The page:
such as garden furniture, as Helen Nock (website included)  so brilliantly illustrates:

Walls and fences take on some structural interest when in the hands of Micahel   Eckerman of Santa Cruz, his website here. A surfer and gatherer of native materials, his formations show movement and form which closely resemble the behavior of ocean waves:


The creations we see today raise our vision and stop our wandering eyes so that we can better focus on their message. The “message”, as in all art, is that of celebration of our shared humanity. These spiritual accomplishments encourage us all to be better people, in every way.

I am glad Landscaping enters the realm of art itself. The scope of the trade has no conceivable limit, from the very tiniest of realms to those of massive scale. It is Man tickling Man and the sooner we understand that, the more we can create and enjoy more of the same.


Boulders and Rock Mulches – Animated Talks With Stones

As the systems and machinery involved in landscaping have evolved, we have become better able to do more with elements long-overlooked but readily available for use. Rocks and their large cousins – boulders – are the perfect example of this.

Below is a yard whose overall beauty just about entirely consists of a marvelously expansive view of the foothills of the Sierra Nevada Mountains in the distance. The foreground is dotted with homes, also in the distance, which provide a unique perspective of various layers of depth and a somewhat mind-clearing vision of distance and natural geology.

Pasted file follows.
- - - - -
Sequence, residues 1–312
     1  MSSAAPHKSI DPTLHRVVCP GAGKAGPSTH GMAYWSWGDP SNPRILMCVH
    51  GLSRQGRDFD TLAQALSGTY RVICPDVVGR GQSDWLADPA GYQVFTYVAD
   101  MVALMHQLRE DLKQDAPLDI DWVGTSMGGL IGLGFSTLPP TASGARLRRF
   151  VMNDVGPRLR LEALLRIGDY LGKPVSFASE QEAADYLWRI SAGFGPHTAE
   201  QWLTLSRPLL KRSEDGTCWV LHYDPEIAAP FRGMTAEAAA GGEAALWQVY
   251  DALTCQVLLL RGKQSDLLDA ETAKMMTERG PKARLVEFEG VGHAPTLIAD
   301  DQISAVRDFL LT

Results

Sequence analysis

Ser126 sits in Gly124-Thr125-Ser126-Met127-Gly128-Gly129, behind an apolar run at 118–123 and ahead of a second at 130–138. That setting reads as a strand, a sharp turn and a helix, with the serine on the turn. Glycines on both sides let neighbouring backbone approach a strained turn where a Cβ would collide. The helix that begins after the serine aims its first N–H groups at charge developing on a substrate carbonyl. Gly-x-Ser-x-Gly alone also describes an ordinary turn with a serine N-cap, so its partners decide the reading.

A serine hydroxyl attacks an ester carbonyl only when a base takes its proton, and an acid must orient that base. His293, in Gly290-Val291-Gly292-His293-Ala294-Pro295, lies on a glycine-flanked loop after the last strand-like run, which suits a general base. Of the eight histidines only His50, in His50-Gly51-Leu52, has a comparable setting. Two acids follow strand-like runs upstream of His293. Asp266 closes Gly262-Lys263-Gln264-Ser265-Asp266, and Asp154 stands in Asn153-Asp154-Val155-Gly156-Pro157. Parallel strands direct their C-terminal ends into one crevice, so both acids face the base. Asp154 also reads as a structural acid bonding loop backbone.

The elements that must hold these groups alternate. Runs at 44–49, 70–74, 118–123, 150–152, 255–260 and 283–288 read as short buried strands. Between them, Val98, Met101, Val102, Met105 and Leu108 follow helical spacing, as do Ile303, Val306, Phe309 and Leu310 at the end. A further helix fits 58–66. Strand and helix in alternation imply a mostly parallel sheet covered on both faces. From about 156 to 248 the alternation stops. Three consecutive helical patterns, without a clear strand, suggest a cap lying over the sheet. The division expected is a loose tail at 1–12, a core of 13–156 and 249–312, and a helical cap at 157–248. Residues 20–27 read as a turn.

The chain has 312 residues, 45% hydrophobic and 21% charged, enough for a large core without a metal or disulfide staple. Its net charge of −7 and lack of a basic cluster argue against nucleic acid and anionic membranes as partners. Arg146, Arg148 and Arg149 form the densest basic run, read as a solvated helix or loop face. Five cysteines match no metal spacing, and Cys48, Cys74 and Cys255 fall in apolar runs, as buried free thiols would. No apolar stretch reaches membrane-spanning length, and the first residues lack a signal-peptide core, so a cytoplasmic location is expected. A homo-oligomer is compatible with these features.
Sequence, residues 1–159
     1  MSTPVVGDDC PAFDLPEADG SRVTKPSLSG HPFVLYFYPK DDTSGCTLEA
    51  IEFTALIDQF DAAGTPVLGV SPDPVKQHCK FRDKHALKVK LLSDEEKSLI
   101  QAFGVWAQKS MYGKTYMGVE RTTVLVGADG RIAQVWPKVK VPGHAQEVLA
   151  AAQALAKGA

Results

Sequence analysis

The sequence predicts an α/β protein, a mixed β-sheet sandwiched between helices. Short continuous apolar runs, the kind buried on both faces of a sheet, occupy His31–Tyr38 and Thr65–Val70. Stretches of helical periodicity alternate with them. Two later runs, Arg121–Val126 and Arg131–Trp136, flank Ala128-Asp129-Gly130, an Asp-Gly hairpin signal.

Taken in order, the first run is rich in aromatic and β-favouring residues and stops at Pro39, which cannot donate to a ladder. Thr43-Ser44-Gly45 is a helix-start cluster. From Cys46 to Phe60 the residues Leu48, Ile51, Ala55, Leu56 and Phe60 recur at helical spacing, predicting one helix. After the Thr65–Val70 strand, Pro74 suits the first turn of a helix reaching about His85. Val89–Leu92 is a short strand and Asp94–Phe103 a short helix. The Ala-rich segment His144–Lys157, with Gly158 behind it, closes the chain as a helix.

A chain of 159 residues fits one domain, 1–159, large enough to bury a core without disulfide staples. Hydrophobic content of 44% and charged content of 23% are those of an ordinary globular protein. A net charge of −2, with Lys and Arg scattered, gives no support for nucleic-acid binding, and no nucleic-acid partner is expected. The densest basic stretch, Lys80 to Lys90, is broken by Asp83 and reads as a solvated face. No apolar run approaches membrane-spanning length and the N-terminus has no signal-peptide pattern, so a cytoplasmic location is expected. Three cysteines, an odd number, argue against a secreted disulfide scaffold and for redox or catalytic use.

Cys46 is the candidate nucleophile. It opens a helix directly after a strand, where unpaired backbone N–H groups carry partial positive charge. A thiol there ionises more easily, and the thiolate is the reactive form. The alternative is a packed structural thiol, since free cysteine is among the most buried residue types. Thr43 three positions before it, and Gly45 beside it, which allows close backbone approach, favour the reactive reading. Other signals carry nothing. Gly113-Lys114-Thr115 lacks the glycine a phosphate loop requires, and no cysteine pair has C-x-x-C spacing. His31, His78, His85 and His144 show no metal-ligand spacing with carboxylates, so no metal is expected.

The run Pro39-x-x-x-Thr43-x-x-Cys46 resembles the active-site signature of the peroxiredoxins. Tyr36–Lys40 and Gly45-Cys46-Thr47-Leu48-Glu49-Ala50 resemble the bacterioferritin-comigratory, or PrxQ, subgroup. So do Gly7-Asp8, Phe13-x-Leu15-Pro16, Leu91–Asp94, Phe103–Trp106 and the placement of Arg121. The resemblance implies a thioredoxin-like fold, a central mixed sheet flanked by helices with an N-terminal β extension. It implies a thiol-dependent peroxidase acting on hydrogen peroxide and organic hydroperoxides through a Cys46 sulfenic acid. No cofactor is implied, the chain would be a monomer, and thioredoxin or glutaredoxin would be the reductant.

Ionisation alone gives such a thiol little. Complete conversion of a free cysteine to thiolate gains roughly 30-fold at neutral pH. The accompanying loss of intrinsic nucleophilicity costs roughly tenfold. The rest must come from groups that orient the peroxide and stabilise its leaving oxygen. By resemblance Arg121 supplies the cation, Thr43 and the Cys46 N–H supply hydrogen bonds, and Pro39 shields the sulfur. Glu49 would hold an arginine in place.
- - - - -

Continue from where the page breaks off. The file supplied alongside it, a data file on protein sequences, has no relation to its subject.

The landscaping requirements of a home such as this insist that the view be maintained. Yet, there is still the more immediate and entirely satisfying effect of “local” – back yard – gorgeousness that always provides a landscaper with design possibilities. This couple wanted an unobtrusive but running  water feature and something other than just the standard rear yard with flat lawn and a fence.

Our solution was to provide the small water feature in a corner of the lot which would still be visible and aurally satisfying, with motion and activity and a lawn which was “different” – in this case a rolling series of small hills, studded with boulders.

(click all images to enlarge)

Rocks are some of my best friends. Let’s face it, they offer a minimum of argument over even the thorniest issues and they behave once set into place. There is a lot to be said about this sort of loyal adherence to Natural Law. And, yes, I have abused the odd rock, I admit it freely. I have thrown them, hit them with baseball bats and golf clubs, used them as weapons against my enemies – the “bike-chasing barking dog” for example – and sometimes shamefully using them against bad friends.